Monday, November 26, 2012

How to render turkey fat

Rendered turkey fat
There are a lot of things you can do with left-over turkey, and I'm sure that everyone's getting their fill of it by now. Whether you had your feast on Thursday or the weekend, the likelihood is that you have a significant amount of turkey in your fridge or freezer, and are wondering what to do with it all. I'll touch on a few recipes this week, some easy and some more labor intensive, but first I want to cover the basics - what to do with all that fat!

Believe it or not, turkey fat isn't as bad for you as butter is. It isn't as bad for you as most vegetable fats like canola or "vegetable oil" and is naturally low in saturated fats. If your turkey is pasture fed, it's also full of a lot of necessary vitamins and minerals. This means you can save that turkey fat and use it in any recipe that calls for lard or animal fat, and it can be used in place of butter.

Fat on top of broth
Before using your turkey fat, though, you need to render it. The process of rendering fat (of any kind of animal) means to remove all the non-fat from it. For me, that meant all the little bits of turkey that remained in it, as well as some herbs. It's not a difficult process, but it does take a bit of time and patience.

The easiest way to get at the turkey fat is to take all your leftover skin, bones, gristle and assorted drippings, put them in a big pot, and make stock from it. Once your stock is made, set it outside (if it's cold enough) or in the fridge until it is thoroughly chilled. The fat will float to the top and harden.

Removing fat with a spoon
Fat in a bowl
Once the fat is hard, remove it with a slotted spoon to a bowl or small sauce pan. The broth can then be heated and canned or poured into containers and frozen. Your broth will be largely fat free, because you will remove the majority of it!

The fat can then be heated on top of the stove to melt it. Use a medium high heat, and it will melt down very quickly. You'll see in the picture that my fat has bits of herbs in it, which floated to the top and got stuck there. Before finishing, I need to remove those herbs. They will go bad if they are not removed, and that will ruin your fat!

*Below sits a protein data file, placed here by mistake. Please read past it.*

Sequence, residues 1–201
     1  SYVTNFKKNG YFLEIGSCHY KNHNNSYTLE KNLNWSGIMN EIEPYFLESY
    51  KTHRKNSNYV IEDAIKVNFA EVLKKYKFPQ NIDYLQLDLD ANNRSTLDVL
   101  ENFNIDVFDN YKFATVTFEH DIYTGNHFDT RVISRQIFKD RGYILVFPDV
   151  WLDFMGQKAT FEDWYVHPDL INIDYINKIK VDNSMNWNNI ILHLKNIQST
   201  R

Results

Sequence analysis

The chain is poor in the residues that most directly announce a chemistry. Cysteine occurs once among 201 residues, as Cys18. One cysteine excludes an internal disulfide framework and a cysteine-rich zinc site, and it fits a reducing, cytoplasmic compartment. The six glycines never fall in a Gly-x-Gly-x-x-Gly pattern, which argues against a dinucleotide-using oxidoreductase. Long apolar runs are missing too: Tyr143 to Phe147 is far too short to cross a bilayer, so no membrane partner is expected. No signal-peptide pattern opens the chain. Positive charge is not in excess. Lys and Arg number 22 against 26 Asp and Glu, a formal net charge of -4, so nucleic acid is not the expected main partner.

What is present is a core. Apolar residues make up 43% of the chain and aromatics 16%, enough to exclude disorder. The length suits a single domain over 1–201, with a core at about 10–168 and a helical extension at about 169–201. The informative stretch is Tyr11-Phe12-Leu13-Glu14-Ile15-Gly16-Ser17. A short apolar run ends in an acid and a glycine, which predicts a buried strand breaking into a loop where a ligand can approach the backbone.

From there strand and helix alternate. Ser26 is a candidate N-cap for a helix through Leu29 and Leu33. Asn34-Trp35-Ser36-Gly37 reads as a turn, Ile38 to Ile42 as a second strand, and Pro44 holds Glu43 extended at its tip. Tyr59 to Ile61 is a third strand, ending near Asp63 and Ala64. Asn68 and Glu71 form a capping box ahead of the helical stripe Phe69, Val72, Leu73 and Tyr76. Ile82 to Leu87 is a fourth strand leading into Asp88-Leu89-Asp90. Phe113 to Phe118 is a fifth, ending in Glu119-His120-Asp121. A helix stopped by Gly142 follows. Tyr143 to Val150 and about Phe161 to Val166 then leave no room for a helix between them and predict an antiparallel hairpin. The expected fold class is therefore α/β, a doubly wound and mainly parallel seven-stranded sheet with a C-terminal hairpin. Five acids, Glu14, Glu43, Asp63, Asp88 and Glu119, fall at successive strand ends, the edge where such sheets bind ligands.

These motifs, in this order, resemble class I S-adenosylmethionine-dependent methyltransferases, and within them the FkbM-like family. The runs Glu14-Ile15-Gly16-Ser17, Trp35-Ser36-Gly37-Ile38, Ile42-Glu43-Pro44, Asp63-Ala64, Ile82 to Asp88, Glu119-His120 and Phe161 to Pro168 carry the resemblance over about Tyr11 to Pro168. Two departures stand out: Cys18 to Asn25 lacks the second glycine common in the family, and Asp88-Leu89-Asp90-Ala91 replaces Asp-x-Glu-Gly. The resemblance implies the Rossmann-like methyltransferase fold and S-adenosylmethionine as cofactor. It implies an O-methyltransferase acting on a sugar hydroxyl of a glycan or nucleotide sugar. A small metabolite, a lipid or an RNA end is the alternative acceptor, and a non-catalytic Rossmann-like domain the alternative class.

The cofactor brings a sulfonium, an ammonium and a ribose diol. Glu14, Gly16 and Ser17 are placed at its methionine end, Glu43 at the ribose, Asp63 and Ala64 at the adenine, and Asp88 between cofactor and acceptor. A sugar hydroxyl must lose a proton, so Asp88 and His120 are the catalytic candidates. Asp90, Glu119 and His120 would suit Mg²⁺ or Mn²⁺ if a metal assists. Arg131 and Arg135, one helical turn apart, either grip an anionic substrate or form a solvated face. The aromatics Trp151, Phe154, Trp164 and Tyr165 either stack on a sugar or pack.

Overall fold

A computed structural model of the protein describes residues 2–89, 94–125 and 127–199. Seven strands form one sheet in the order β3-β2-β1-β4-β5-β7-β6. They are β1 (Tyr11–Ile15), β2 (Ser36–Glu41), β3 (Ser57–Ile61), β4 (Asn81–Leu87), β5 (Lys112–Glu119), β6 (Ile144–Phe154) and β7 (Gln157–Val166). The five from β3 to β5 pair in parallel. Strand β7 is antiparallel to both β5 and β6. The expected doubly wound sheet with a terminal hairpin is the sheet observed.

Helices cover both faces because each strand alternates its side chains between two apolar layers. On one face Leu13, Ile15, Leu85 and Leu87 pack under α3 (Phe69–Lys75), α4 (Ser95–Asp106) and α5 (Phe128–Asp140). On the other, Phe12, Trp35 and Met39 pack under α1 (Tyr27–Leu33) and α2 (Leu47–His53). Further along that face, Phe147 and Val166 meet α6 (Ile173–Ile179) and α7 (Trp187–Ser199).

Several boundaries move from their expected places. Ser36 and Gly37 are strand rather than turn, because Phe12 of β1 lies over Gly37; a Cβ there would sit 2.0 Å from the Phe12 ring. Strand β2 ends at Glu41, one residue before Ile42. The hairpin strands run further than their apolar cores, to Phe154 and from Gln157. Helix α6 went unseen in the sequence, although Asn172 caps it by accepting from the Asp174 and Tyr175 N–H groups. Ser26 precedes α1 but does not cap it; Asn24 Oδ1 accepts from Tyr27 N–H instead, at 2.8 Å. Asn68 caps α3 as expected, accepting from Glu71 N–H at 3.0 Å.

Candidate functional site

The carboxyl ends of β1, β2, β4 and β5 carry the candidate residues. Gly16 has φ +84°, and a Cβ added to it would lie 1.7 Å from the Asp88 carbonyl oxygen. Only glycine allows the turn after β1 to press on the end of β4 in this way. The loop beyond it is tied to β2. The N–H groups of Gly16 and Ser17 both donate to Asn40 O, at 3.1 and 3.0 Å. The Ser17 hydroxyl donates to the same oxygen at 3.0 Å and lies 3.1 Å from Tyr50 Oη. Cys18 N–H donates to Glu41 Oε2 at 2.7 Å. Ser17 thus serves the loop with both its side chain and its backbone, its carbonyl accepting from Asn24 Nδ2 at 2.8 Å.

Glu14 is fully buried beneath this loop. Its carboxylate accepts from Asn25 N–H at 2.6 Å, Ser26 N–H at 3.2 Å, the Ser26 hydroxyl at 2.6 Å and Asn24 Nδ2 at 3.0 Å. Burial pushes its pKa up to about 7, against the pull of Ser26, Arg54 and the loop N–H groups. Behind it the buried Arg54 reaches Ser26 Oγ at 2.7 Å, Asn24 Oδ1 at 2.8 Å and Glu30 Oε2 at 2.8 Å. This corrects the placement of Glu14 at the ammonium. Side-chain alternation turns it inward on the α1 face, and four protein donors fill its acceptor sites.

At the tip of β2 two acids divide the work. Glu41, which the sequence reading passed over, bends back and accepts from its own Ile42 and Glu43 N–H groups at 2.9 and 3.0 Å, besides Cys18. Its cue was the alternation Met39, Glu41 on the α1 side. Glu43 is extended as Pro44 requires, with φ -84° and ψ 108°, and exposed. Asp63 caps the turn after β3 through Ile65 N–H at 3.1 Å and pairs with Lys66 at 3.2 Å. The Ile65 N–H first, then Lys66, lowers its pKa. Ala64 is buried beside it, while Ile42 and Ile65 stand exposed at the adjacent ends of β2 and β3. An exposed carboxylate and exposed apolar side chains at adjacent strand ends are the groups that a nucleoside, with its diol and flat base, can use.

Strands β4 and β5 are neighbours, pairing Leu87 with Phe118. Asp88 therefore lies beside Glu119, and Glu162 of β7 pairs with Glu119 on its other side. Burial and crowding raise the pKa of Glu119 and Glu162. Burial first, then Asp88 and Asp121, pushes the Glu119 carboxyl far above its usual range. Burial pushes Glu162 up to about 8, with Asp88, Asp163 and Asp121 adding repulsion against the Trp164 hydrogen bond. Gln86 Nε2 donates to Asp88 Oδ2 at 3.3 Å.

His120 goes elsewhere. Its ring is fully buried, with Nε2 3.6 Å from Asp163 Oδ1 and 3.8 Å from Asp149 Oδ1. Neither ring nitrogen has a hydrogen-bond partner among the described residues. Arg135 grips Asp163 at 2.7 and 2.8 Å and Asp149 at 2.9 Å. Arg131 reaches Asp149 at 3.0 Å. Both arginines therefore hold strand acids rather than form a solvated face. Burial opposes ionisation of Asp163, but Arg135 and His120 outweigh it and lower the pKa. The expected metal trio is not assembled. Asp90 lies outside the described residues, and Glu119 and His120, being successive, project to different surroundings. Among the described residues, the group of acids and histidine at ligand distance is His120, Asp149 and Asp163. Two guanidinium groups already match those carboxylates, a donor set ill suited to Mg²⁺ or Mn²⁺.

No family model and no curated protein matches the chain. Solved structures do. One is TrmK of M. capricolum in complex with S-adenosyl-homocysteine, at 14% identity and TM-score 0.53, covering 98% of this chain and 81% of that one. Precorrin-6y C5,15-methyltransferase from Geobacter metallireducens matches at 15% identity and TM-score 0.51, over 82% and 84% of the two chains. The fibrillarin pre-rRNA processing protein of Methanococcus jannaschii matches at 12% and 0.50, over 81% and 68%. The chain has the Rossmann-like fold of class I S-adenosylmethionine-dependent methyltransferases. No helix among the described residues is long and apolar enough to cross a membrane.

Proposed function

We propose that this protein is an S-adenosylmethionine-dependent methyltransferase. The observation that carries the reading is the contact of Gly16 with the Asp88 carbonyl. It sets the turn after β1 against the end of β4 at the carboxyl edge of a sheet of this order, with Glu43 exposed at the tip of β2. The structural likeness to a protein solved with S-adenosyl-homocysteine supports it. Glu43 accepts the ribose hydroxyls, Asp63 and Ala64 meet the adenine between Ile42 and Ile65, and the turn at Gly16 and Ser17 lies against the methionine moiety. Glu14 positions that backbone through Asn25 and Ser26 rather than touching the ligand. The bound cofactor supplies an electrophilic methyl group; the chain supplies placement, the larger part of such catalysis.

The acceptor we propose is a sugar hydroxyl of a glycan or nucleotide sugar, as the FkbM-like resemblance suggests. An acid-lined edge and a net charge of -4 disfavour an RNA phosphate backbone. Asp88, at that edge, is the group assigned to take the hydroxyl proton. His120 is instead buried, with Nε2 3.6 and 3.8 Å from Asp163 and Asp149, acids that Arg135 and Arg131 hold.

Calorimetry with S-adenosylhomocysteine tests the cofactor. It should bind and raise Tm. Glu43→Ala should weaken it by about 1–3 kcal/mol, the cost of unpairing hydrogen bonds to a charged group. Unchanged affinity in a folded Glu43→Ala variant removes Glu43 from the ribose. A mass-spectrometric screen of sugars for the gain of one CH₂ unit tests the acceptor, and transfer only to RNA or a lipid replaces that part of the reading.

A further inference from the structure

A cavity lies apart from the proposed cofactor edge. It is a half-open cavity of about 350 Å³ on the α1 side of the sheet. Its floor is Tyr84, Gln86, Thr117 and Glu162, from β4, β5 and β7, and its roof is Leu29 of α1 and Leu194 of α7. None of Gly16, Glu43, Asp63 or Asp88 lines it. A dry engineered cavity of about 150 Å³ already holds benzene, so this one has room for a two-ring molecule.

Melting turkey fat
Once the fat is melted, but before it gets really hot, pour it through a coffee filter to remove the last of the impurities from it. This helps make sure there are no bits of meat or bone or herb left in it, which might cause it to go rancid. If it doesn't look clear, re-heat it and pour through another filter. This is the most important part of rendering, and it makes a huge difference on both the length of storage of your fat, and the flavor (donuts fried in fat that contains meat are going to taste a little funny, and let's not even consider what will happen if you're washing your face and bits of old turkey end up on it!).

Removing the water
When the fat is completely strained, put it back onto the stove in its pot and let it come to a full boil. It will hiss and spit quite a bit, usually, as it steams and cooks out all the water. Continue to cook the fat on a low heat (just enough to make it bubble but not enough to cause it to boil over) until all the spitting stops. This can take anywhere from a few minutes to hours, depending on how much water is in your fat. If it looks like it'll be taking a long time, consider doing it in your crock pot on high, where you can leave it without worry of spilling over or burning.

The finished product can be stored in air-tight containers in the fridge for about three months, or in the freezer for up to a year. Turkey fat can be used in place of palm oil in soap recipes, and can be used for making pastries or anything that asks for butter or lard. It will harden up in the fridge until it looks just like store-bought lard, although it will be a darker color.

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